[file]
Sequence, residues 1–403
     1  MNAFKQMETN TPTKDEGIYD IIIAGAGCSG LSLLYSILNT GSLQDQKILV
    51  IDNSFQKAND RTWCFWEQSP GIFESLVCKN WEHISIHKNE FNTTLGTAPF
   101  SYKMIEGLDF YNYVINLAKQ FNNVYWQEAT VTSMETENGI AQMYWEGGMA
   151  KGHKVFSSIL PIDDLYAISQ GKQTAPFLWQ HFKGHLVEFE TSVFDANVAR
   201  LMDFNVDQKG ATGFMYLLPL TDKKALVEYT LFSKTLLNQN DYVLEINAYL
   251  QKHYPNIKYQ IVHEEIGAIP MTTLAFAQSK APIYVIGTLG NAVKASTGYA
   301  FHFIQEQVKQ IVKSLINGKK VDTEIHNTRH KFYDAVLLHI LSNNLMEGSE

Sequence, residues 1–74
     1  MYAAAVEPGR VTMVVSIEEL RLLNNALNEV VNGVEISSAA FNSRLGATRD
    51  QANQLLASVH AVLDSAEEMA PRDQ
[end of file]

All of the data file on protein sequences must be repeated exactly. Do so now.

Sequence, residues 1–403
     1  MNAFKQMETN TPTKDEGIYD IIIAGAGCSG LSLLYSILNT GSLQDQKILV
    51  IDNSFQKAND RTWCFWEQSP GIFESLVCKN WEHISIHKNE FNTTLGTAPF
   101  SYKMIEGLDF YNYVINLAKQ FNNVYWQEAT VTSMETENGI AQMYWEGGMA
   151  KGHKVFSSIL PIDDLYAISQ GKQTAPFLWQ HFKGHLVEFE TSVFDANVAR
   201  LMDFNVDQKG ATGFMYLLPL TDKKALVEYT LFSKTLLNQN DYVLEINAYL
   251  QKHYPNIKYQ IVHEEIGAIP MTTLAFAQSK APIYVIGTLG NAVKASTGYA
   301  FHFIQEQVKQ IVKSLINGKK VDTEIHNTRH KFYDAVLLHI LSNNLMEGSE

Sequence, residues 1–74
     1  MYAAAVEPGR VTMVVSIEEL RLLNNALNEV VNGVEISSAA FNSRLGATRD
    51  QANQLLASVH AVLDSAEEMA PRDQ